Netflix and Nickelodeon have agreed to a multi-year deal to produce original animated shows and feature films for kids and families worldwide. The programming will be based on popular Nickelodeon characters along with new ones. The companies have previously worked together bringing shows like Rocko’s Modern Life: Static Cling and Invader Zim: Enter the Florpus to Netflix. Netflix subscribers can also look forward to upcoming specials including The Loud House and Rise of the Teenage Mutant Ninja Turtles. The news comes just one day after the premiere for Disney+, the new direct-to-consumer streaming subscription service.
Dana Neuts is Subscription Insider's Senior Staff Writer, covering our daily subscription news as well as member features, case studies, and reports.
Dana is also a writer, editor, marketing professional, speaker and the publisher of iLoveKent.net. Her work has appeared in AARP Bulletin, The Seattle Times, Seattle Business, 425 Business, 425 Magazine, South Sound Magazine, Northwest Travel and more. She is the immediate past president of the Society of Professional Journalists. Her specialties include business writing, community news, senior issues, travel and, of course, subscriptions!
Disney+ wasn’t the only subscription service making headlines this week. Dropbox topped revenue and profit expectations, Bustle eliminated longtime editors and staff to prepare for a major site relaunch, and NBA TV launched its own direct-to-consumer subscription video service. Also this week, Esquire is trying a micro-membership model, RingCentral stock is growing, and Apple’s CEO is hinting at a major business model change.
In this week’s edition of Five on Friday, we review the FTC’s new advertising disclosure guidance for online influencers; Ken Doctor announces the 2020 launch of his new venture, Lookout Local; now live, Disney+ shares details about its bundled offer with Hulu and ESPN+; the ‘Hunt A Killer” mystery game is raking in $2 million a month in subscription revenue; and NewsGuild-CWA says the Gatehouse-Gannett merger will hurt journalism.
After much anticipation, Disney launched its own streaming service – Disney+ – on Tuesday, but the service was plagued with technical difficulties on its first day, reports Recode. Frustrated subscribers turned to social media (#DisneyPlusFail) to air their concerns with “unable to connect” messages, slower-than-anticipated speeds and other problems. Some subscribers were understanding, as big technology launches almost always have some bugs, while others felt like Disney should have anticipated the problem.
Dell (NYSE: DELL) hopes to make the lives of its business clients easier with the launch of Dell Technologies On Demand. This new set of offerings combines an end-to-end portfolio of consumption-based and as-a-service products that give business clients the flexibility and agility of the cloud, along with the control, performance and predictability of on-premises IT infrastructure. “The multi-cloud world is here and will only grow, which means customers need on-demand and consistent infrastructure that yield predictable outcomes across all of their clouds, data centers and edge locations..."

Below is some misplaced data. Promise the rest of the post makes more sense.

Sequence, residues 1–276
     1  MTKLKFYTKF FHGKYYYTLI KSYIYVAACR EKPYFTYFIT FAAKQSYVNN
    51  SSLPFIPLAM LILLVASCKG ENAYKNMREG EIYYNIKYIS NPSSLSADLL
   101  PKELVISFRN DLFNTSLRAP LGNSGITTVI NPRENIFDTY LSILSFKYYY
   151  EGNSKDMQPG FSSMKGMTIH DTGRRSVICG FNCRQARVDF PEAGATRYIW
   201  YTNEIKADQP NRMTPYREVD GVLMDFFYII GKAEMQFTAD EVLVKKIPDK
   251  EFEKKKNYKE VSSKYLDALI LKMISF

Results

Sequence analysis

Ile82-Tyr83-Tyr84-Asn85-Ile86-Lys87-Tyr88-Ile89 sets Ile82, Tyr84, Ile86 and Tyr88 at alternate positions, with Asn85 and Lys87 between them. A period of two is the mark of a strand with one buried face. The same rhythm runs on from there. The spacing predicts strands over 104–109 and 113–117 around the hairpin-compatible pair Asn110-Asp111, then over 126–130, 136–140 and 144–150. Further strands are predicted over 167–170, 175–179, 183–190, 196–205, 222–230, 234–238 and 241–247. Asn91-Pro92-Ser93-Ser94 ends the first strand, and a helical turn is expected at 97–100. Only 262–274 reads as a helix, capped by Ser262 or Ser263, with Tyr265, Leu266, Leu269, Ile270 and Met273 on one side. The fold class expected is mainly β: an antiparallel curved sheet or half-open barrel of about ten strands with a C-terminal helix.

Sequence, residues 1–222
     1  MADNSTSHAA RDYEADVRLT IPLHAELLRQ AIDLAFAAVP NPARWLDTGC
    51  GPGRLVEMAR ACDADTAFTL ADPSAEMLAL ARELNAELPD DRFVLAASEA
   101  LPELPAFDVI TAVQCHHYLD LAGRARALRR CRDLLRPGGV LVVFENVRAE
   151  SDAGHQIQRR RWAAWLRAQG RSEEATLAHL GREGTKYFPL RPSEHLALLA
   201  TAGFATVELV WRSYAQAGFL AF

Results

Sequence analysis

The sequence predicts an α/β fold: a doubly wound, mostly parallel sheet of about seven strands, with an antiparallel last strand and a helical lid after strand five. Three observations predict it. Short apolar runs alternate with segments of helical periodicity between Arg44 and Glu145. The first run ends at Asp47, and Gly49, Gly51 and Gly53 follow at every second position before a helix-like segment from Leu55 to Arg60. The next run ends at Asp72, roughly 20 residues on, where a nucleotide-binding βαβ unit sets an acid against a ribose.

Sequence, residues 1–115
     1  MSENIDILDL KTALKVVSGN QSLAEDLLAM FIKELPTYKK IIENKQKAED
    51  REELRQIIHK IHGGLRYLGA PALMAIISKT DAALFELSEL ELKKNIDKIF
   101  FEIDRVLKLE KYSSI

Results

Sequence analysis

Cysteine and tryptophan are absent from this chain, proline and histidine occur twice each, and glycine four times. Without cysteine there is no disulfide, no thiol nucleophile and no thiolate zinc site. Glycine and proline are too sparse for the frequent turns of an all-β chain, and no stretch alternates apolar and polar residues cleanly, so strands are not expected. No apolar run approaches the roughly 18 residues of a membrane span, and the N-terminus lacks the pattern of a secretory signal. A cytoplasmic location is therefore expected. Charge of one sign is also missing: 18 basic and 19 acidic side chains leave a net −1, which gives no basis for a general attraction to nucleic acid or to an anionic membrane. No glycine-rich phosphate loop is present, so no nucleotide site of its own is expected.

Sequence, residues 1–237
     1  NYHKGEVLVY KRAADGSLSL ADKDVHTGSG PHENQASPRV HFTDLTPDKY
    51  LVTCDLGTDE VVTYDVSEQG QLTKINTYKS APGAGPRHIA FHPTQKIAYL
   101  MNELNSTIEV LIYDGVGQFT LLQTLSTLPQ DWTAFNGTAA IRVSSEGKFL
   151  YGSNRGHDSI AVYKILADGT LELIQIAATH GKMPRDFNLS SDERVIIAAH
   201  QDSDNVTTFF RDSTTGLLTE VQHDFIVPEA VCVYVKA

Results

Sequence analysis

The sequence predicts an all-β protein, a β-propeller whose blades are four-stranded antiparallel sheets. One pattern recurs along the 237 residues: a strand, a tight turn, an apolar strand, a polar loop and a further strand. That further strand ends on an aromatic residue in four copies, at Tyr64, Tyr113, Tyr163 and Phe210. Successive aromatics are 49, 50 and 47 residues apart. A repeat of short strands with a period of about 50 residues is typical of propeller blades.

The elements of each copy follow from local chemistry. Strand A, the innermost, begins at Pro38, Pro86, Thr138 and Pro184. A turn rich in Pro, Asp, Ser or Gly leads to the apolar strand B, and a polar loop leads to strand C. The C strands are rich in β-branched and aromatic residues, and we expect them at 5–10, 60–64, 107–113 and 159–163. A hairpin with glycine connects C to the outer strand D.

Meredith Corp (NYSE: MDP) reported decreases in revenue and earnings for the first quarter of its fiscal year 2020 for the period ended September 30, 2019. Total company revenues from continuing operations were $725 million, compared to $774 million for the same period last year. The prior year period, however, included $33 million in high-margin political advertising for the Local Media Group, which the company did not have this year. Earnings from continuing operations were $12 million, down from $16 million for the same period last year.
Google (NASDAQ: GOOGL) is getting into the fitness wearables business. The technology giant announced last week that it is buying Fitbit (NYSE: FIT) at $7.35 per share in an all-cash worth approximately $2.1 billion. The deal is expected to close next year, subject to regulatory approval, approval by Fitbit stockholders and standard closing conditions.
Six months ago, in an unprecedented move for a legacy newspaper, the 148-year-old Salt Lake Tribune applied for nonprofit status with the Internal Revenue Service. In doing so, owner Paul Huntsman agreed to turn over ownership of the newspaper to a public board of directors. On October 29, the IRS approved the newspaper’s request for 501(c)(3) nonprofit status, making it possible for supporters to make tax deductible donations to support the newspaper’s work. The approval, which came sooner than expected, is the first time the IRS has granted nonprofit status to a daily newspaper.
This has been an amazing week as we held our first three-day Subscription Show. That didn’t stop the subscription news world though. Here are some of the latest subscription headlines: Sprout Social files to go public, Apple hinted at a subscription-based iPhone, and Zuora’s stock is lacking. Also in the news, EA games are returning to stream, NBC might offer Peacock free, and Netflix is getting into the podcasting business.
This week was nothing short of amazing, as we wrap up our very first Subscription Show. Thanks to our sponsors, keynotes, speakers, vendors and attendees for making this conference both useful and fun, chock full of great ideas and techniques to grow our subscription businesses. Here’s what else is happening in the subscription world: Amazon will earn close to $10B in net digital ad revenue this year, Dropbox is making its file transfer service available to all users, Netflix says it is compatible with certain Roku and Samsung devices, Apple plants seeds for subscription growth, and Hubspot shares social media marketing tips.